Foreign Risk Notification, Annual Summary Reports, and Issue-related Analysis of Safety and Effectiveness for Medical Devices - Draft Guidance Document

June 2019

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Table of Contents

Foreword

Guidance documents are meant to provide assistance on how to comply with governing statutes and regulations. Guidance documents also provide assistance to staff on how Health Canada mandates and objectives should be implemented in a manner that is fair, consistent and effective.

Guidance documents are administrative instruments not having force of law and, as such, allow for flexibility in approach. Alternate approaches to the principles and practices described in this document may be acceptable provided they are supported by adequate justification. Alternate approaches should be discussed in advance with the relevant program area to avoid the possible finding that applicable statutory or regulatory requirements have not been met.

As a corollary to the above, it is equally important to note that Health Canada reserves the right to request information or material, or define conditions not specifically described in this document, in order to allow the Department to adequately assess the safety, efficacy or quality of a therapeutic product. Health Canada is committed to ensuring that such requests are justifiable and that decisions are clearly documented.

This document should be read in conjunction with relevant sections of other applicable guidance documents.

Introduction

Health Canada is proposing regulatory changes to the Medical Devices Regulations (MDR) in order to strengthen the lifecycle approach to the regulation of medical devices by increasing post-market surveillance authorities. The proposed regulations were published in Canada Gazette, Part I, on June 15, 2019, for a 70-day comment period.

The proposed regulations are as follows:

Regulatory proposals related to the amendments made to the Food and Drugs Act as a result of the 2014 Protecting Canadians from Unsafe Drugs Act (Vanessa’s Law):

Regulatory proposals on monitoring and surveillance:

The information contained in this document is intended to be read alongside the proposed regulations in order for medical device manufacturers and other stakeholders to view how Health Canada intends to interpret and apply the proposed regulations. Health Canada will consider the comments made by stakeholders on both the proposed regulations and the draft guidance. Revised final guidance will be published on the Government of Canada website once the final regulations appear in Canada Gazette, Part II. This draft guidance document may be separated into three final guidance documents.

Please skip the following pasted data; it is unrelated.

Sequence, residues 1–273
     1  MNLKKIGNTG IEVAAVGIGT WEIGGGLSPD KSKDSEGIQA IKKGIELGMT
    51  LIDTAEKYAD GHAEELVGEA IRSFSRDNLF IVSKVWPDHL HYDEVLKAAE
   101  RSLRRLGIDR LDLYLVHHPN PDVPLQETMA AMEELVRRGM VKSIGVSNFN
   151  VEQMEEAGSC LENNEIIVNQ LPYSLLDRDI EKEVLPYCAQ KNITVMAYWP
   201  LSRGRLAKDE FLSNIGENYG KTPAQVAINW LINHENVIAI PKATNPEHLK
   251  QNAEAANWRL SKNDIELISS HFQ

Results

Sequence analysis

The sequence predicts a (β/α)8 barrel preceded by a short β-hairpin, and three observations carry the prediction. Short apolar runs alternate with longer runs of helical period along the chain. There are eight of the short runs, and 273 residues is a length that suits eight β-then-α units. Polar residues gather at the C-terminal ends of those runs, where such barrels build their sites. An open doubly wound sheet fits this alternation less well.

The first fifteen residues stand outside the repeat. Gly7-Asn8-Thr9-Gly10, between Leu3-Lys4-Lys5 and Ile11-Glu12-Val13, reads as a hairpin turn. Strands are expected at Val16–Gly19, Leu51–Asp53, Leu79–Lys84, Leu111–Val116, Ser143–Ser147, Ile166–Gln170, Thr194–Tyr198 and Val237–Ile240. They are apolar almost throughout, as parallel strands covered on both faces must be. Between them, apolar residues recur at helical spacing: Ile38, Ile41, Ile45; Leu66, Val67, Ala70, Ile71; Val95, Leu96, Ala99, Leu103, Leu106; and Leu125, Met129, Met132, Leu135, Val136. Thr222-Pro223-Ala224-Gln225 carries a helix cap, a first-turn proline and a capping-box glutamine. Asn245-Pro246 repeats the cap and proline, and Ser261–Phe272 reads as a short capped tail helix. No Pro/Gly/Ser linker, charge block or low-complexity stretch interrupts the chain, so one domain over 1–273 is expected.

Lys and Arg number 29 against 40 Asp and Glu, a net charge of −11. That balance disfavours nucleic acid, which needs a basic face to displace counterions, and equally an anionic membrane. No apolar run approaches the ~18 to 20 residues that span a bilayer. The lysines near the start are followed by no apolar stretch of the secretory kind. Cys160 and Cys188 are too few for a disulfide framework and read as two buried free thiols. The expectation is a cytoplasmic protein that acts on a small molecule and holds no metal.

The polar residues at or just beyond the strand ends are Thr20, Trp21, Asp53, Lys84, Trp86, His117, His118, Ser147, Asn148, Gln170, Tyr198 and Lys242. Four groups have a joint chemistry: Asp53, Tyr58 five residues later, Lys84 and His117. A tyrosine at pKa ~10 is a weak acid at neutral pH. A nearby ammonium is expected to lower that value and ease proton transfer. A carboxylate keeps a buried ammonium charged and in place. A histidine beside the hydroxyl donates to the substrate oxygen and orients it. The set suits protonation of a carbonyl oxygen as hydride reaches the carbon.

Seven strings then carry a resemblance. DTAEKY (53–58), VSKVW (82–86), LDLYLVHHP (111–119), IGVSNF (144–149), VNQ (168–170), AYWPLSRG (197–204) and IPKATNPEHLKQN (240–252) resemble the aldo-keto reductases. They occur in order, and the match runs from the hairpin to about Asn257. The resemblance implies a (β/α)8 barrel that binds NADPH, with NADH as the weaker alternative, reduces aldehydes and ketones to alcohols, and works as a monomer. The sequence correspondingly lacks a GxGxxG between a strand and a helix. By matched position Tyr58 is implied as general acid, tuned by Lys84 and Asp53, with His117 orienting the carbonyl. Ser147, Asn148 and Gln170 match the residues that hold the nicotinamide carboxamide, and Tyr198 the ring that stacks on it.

Consultation on the draft guidance

Any comments on the draft guidance should be sent to Health Canada by August 26, 2019.

Comments should be sent to:

Office of Policy, Risk Advisory and Advertising
Marketed Health Products Directorate
Health Products and Food Branch
Health Canada
Address Locator 1912C
Ottawa, Ontario
K1A 0K9

Email: MHPD-DPSC.VL-LV@hc-sc.gc.ca

Definitions

Importer: A person, other than the manufacturer of a device, who brings a medical device into Canada for sale.

Manufacturer: As is defined in the Medical Devices Regulations, this term means a person who sells a medical device under their own name, or under a trade mark, design, trade name or other name or mark owned or controlled by the person, and who is responsible for designing, manufacturing, assembling, processing, labelling, packaging, refurbishing or modifying the device, or for assigning it to a purpose, whether those tasks are performed by that person or on their behalf.

Revocation: An action taken by an authority to cancel or indeterminately suspend an authorization for the purposes of mitigating or eliminating a serious deterioration in the state of human health.

Foreign Risk Notification (Sections 61.2 and 61.3)

The proposed regulatory requirements outlined in sections 61.2 and 61.3, titled “Information- Serious Risk of Injury to Human Health”, require a medical device licence holder for a Class II-IV device and a holder of an establishment licence that imports Class II-IV devices to notify Health Canada of certain actions. For ease of reference, these requirements are referred to in this guidance document as ‘Foreign Risk Notification.’

The requirements for Foreign Risk Notification are intended to: a) improve the collection and assessment of new relevant safety information in respect of any serious risk of injury to human health in certain foreign countries; and b) help determine an appropriate response in Canada to these issues. Important safety issues are more likely to be detected in markets where medical devices have been sold for a longer time, or at a higher volume. The new requirement to notify Health Canada about foreign risks would replace the requirement for manufacturers and importers of Class II-IV devices to report an incident that occurs outside of Canada via the current section 59 of the MDR (titled Mandatory Problem Reporting).